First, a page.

Kansas City Dance Festival Grows by Leaps and Bounds

Photo by Philip Koenig, Courtesy Kansas City Ballet.

The Kansas City Dance Festival, which mixes Kansas City Ballet members with performers from other companies, has significantly increased its programming since its 2013 debut. Now the festival is presenting its biggest season yet, bringing fresh choreography to Kansas City and new opportunities to the participating dancers.

This year features KCDF's first world premiere, choreographed by Garrett Smith. The lineup also includes ballets by Matthew Neenan and Vincente Nebrada. Festival dancers hail from KCB, Pennsylvania Ballet and Richmond Ballet, among other companies. The eclectic program gives KC audiences a chance to see new dancers and choreography, mixed with their hometown favorites.


In an effort to offer more to both dancers and audience members, KCDF has expanded its outreach and education efforts. "With 'festival' in our name we wanted to grow from two shows to a weeklong event," says festival general manager and former KCB dancer Jill Marlow Krutzkamp. Now, attendees can look forward to multiple performances, master classes (taught by festival dancers) and an artist talk, June 18–25.

Ballet Training
Kali Kleiman performing at YAGP's New York Finals. VAM Productions, Courtesy YAGP.

As someone who has judged many ballet competitions, I've had the opportunity to see some breathtaking contemporary solos that combine fantastic technique with well-conceived choreography. Yet it's often hard for us judges to see the artistic intention behind these solos the way we can when watching a classical variation. For one thing, we're simply more familiar with classical ballet's repertoire and characters. But also, when a contemporary solo is just a string of one trick after another, or only delivers one emotion (such as overwrought angst), we don't get to see any artistic depth.

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Francisco Estevez, Courtesy Colorado Ballet Academy

When you're looking for a ballet program to take you to the next level, there are a lot of factors to consider. While it's tempting to look for the biggest name that will accept you, the savvy dancer knows that successful training has more to do with the attention and opportunities you'll get.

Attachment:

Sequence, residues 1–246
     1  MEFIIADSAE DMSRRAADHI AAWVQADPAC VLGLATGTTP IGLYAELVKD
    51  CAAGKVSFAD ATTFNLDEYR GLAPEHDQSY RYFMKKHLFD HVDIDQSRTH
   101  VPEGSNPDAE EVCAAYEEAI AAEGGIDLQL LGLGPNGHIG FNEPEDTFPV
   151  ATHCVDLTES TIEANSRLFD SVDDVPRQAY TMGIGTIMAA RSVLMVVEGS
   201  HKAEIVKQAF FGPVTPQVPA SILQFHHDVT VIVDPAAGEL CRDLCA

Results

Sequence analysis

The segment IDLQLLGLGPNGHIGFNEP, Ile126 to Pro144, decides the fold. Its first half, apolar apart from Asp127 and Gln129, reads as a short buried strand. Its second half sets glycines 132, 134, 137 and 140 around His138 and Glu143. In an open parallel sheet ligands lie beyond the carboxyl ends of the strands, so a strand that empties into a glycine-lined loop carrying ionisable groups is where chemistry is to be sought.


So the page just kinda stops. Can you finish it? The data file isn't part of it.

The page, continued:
We put together a few of the most important things for dancers to look for in a summer or year-round training program, with the help of the experts at Colorado Ballet Academy:

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Ballet Stars
Elle Macy in Benjamin Millepied's Appassionata. Angela Sterling, Courtesy PNB.

Cross-training misconceptions: Before Elle Macy became an apprentice with Pacific Northwest Ballet, she was apprehensive about cross-training. "I was warned that it might bulk you, or not to do certain activities because they could potentially injure you." But a stress fracture in her foot changed her perspective. Unable to bear much weight, Macy reluctantly tried stationary biking at her physical therapist's suggestion. "What I learned is that you're not going to get injured from being on an elliptical for 20 minutes or by taking a Pilates class," says Macy. Today, it's not uncommon to find the soloist training on the elliptical, doing ankle stability exercises, using the Pilates reformer or taking a hot yoga class.

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Courtesy School of Pennsylvania Ballet

While many of us are deep in Nutcracker duties, The School of Pennsylvania Ballet director James Payne has been looking further ahead, finalizing preparations for the school's summer intensive programs. In January, he and his staff will embark on a 24-city audition tour to scour the country for the best young dancers, deciding whether or not to offer them a spot—maybe even a scholarship—in the school's rigorous 5-week intensive focused on high-caliber ballet instruction. Though he'll be evaluating aspirants, he urges that as a student, you should be equally selective in choosing programs that could galvanize your training—and possibly even your career.

We got Payne's advice on strategizing your summer intensive plan before the audition cycle kicks in:

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